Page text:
Sonnox VoxDoubler review

Send your singer home early

  • £83

MusicRadar Verdict

Deployed with due care and attention, VoxDoubler does an astonishingly good job of double-tracking vocals.


  • +

    Instant, effortless vocal doubling.

  • +

    Two distinct styles of doubling.

  • +

    Humanise and Depth controls are amazingly effective.

  • +

    Freely resizable GUI.


  • -

    Serious CPU hit.

  • -

    Would be better as a single plugin.

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Sonnox’ new Toolbox series of plugin effects aims to be more approachable and task-specific than its regular output. 

The first in the range, VoxDoubler (VST/AU/AAX), is a vocal doubling processor for conjuring “realistic double-tracking effects from a single vocal performance.” It actually comprises a pair of separate plugins: VoxDoubler Widen and VoxDoubler Thicken. 

VoxDoubler Widen applies its doubling effect by generating two new mono voices and panning them to either side of the source signal, while Thicken serves up a single stereo voice layered over the source. 

Two for one

Sonnox says that the Toolbox range puts ease of use at the top of the agenda, and VoxDoubler certainly supports that claim. Both plugins share an almost-identical array of just six adjustable parameters, the only difference between them being the top right knob. 

For Widen, this is the Width dial, setting the panning depth for the two mono doubled voices, from dead centre at 0% to hard left/right at 100%. With Thicken, the knob handles Stereo Spread, ranging from replication of the source signal’s stereo image at 100%, through mono at 50% to full inversion of left and right at 0%. 

Beyond that, the two plugins are the same, operationally speaking. The Mix knob controls the volume of the doubled vocals from silent at 0% to level with the dry signal at 100%.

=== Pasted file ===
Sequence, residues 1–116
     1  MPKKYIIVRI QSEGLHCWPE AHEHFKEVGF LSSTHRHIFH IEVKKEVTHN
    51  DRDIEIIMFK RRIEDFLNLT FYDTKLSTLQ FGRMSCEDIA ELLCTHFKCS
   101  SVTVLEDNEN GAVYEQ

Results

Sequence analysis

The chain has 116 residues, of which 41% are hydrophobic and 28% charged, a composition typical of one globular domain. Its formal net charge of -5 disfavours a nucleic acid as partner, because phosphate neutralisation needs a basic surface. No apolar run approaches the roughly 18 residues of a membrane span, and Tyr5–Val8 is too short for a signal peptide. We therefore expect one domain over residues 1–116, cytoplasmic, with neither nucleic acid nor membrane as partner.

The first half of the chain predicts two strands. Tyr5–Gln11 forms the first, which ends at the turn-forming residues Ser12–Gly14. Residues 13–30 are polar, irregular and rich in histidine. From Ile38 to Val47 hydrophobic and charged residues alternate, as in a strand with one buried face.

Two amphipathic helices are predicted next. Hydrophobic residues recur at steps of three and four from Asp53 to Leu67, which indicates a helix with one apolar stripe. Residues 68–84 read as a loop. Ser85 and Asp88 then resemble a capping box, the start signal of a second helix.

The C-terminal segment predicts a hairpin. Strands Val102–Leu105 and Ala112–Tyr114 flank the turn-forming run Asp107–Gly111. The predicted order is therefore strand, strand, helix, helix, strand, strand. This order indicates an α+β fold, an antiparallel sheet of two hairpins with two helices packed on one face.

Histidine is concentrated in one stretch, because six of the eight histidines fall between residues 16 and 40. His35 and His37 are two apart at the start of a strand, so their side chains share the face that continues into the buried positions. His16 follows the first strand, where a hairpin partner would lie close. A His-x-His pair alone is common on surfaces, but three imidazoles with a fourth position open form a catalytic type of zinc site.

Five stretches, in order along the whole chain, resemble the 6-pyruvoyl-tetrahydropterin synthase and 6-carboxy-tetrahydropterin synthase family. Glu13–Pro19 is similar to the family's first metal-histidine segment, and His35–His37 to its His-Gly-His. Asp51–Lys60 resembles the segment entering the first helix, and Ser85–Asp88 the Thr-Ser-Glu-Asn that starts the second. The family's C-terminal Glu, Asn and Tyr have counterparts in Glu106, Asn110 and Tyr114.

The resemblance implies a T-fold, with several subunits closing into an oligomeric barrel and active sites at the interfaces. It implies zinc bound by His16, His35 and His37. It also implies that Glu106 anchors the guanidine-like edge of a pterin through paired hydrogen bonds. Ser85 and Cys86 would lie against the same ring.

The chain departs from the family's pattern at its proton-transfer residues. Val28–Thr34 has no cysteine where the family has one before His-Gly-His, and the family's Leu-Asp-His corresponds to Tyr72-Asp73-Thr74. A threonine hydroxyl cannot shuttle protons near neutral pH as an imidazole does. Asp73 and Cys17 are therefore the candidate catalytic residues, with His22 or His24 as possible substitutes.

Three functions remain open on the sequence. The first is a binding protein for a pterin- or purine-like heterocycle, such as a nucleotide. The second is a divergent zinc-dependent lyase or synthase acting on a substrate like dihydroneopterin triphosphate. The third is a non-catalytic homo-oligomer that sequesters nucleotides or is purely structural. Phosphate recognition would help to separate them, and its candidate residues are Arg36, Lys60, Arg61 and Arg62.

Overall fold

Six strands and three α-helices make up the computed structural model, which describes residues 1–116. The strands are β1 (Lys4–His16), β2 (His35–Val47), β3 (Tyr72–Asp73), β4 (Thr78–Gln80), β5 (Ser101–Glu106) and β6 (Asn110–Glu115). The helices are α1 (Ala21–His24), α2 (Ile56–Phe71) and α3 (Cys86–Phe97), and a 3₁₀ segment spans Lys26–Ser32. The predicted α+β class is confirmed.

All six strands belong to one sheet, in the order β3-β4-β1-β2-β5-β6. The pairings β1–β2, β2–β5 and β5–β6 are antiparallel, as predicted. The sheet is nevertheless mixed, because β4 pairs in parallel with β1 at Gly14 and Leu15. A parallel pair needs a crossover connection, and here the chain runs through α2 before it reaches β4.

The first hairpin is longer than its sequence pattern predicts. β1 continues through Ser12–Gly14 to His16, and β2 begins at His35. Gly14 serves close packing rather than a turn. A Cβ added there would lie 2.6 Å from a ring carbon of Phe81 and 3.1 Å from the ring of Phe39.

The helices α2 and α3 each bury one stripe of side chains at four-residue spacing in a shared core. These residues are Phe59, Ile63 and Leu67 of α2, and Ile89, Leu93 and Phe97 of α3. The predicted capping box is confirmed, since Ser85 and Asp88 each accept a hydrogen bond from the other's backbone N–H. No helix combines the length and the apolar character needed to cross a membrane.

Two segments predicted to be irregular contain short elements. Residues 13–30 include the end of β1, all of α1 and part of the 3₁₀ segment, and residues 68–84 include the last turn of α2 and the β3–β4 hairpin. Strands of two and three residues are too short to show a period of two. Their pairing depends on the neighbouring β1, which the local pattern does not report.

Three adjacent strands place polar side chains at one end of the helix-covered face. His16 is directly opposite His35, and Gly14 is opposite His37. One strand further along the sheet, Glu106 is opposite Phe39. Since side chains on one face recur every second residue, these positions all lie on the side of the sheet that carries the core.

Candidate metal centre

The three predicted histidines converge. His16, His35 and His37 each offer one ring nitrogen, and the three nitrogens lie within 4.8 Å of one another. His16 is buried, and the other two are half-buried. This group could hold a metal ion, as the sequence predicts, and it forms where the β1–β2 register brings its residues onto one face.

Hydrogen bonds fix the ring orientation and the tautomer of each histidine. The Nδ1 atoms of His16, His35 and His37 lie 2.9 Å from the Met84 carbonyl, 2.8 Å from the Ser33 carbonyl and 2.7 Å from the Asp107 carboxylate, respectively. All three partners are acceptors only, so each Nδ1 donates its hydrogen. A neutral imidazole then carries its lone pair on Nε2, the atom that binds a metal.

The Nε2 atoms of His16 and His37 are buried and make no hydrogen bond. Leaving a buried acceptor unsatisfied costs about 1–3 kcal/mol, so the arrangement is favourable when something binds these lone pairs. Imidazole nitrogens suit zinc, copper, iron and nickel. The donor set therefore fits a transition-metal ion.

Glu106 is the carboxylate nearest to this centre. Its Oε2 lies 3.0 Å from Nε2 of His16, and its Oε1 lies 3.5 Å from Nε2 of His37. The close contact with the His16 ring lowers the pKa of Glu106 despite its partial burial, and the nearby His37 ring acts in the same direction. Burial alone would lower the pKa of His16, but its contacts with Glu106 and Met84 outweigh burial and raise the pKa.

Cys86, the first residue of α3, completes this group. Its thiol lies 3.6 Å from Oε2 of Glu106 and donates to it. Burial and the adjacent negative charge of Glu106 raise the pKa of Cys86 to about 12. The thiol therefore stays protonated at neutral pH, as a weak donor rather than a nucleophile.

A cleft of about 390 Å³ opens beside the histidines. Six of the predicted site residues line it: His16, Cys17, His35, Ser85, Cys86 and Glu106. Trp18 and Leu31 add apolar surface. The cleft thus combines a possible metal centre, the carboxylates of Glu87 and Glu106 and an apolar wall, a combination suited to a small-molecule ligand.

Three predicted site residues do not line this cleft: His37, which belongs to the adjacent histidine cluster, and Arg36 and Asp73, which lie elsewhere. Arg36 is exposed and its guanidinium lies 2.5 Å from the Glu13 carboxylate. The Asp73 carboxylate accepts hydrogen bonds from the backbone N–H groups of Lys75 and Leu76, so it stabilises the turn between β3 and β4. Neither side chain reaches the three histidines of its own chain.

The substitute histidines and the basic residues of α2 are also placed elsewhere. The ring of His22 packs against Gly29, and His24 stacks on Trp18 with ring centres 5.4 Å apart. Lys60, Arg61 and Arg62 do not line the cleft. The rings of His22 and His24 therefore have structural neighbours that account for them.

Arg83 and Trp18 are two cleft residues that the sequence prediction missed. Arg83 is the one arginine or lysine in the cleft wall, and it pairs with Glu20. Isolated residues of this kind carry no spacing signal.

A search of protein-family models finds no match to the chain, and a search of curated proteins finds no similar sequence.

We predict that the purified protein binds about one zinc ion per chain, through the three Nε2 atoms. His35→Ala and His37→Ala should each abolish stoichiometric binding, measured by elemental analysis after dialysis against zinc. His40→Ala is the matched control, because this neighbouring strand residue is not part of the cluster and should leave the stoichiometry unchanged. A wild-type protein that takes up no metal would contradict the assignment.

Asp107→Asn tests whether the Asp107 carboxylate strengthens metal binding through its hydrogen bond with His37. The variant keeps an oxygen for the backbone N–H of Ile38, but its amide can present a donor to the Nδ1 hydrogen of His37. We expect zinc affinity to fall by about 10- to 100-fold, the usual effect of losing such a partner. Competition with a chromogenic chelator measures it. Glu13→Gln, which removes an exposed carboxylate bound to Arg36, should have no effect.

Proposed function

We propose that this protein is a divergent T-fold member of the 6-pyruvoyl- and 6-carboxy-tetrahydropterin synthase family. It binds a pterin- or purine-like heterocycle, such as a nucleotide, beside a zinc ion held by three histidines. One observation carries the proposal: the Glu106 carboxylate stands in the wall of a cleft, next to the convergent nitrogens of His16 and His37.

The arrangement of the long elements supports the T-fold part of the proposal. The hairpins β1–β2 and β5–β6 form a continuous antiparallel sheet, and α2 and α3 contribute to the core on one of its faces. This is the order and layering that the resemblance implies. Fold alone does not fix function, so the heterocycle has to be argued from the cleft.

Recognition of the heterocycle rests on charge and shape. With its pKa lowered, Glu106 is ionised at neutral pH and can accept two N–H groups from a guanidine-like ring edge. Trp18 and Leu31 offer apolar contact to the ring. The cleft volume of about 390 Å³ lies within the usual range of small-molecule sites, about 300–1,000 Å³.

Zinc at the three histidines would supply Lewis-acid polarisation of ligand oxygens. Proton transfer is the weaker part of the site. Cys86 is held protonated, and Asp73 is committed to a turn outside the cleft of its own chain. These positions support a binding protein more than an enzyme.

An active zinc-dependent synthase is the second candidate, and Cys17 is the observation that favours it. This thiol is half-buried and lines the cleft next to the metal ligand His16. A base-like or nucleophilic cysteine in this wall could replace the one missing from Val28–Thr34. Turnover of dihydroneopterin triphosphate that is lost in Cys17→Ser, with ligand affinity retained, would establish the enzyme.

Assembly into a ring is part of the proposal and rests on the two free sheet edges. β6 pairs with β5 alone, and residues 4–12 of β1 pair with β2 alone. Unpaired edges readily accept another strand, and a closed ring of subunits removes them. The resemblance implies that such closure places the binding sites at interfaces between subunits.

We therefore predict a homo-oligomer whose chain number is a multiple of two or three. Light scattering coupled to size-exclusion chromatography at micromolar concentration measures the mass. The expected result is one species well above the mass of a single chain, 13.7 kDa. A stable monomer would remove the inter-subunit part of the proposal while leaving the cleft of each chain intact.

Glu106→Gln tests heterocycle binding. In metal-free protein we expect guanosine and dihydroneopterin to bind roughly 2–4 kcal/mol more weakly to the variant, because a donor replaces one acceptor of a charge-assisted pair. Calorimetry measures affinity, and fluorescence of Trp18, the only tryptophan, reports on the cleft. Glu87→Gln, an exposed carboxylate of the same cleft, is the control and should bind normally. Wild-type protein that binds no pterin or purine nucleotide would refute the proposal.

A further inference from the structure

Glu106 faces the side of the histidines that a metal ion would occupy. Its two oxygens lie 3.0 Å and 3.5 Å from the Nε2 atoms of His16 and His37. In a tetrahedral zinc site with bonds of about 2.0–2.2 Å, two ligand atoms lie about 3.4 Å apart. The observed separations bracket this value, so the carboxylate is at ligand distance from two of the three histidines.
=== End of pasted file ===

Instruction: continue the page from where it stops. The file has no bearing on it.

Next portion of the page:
This isn’t a standard dry/wet mix control, then, with 100% dry at one end and 100% wet at the other, but the Aux mode switch sets the output to 100% wet for use on an auxiliary return channel, and a pre-fader auxiliary send can be used if, for whatever reason, you need to make your doubled vocals louder than the dry signal. The human touch 

The human touch

Central to the realism of VoxDoubler’s faux doubling, the two Humanise parameters enable emulation of the organic fluctuations and differences between vocal takes that necessarily occur when recording a singer. 

They’re self-explanatory, really. Timing and Pitch each dial in natural variation in their titular aspect of the ‘performance’. At 0% (and with Depth also at 0%), Timing yields a super-tight double that actually sounds too close to the source to be convincing; crank it up past 20%, though, and the effect is incredibly authentic, until at around 70% it starts to feel more like a delay, which has potential for creative use on an auxiliary return. Indeed, a video on the Sonnox website shows it creating predelay in front of a reverb plugin. 

The Pitch knob applies the same organic variance to the pitch of the doubled vocal, from subtle wavering at low settings to audible detuning at the upper reaches. 

Adjusting the two Humanise controls (see The human touch) applies timing and pitch variation to the double, while the Depth and Tone knobs change the character of the doubled vocal. 

Depth uses a high-shelf filter and a fixed delay to simulate an increase in physical distance between the double and original, separating them in the mix. 

Even at 100%, this separation is, quite rightly, gentle - it isn’t meant to be an actual filter delay, after all. Tone is rather more overt, using a tilt EQ to brighten or darken the double for mix positioning and creative colouration. 

Double or quits

It goes without saying that VoxDoubler is destined to live or die by the authenticity of its double-tracking emulation. Thankfully, it sounds fantastic – all but indistinguishable from the real thing when set up and mixed in carefully, in fact - and the two very different styles of doubling give it plenty of fundamental sonic scope. 

Secondary to that, the interface is a joy to use, being admirably simple and intuitive.
On the downside, one plugin with a Widen/Thicken mode switch would be preferable to two; and the CPU hit is impressively high, although that reflects the quality of the effect. 

Ultimately, for quick and easy vocal (and other sources, if you’re feeling experimental) doubling, VoxDoubler is more than just a second-rate substitute for calling your vocalist back in after the event. 

It’s capable of delivering such convincing double-tracking that you might even find yourself opting for it over the hassle of recording the real thing. 

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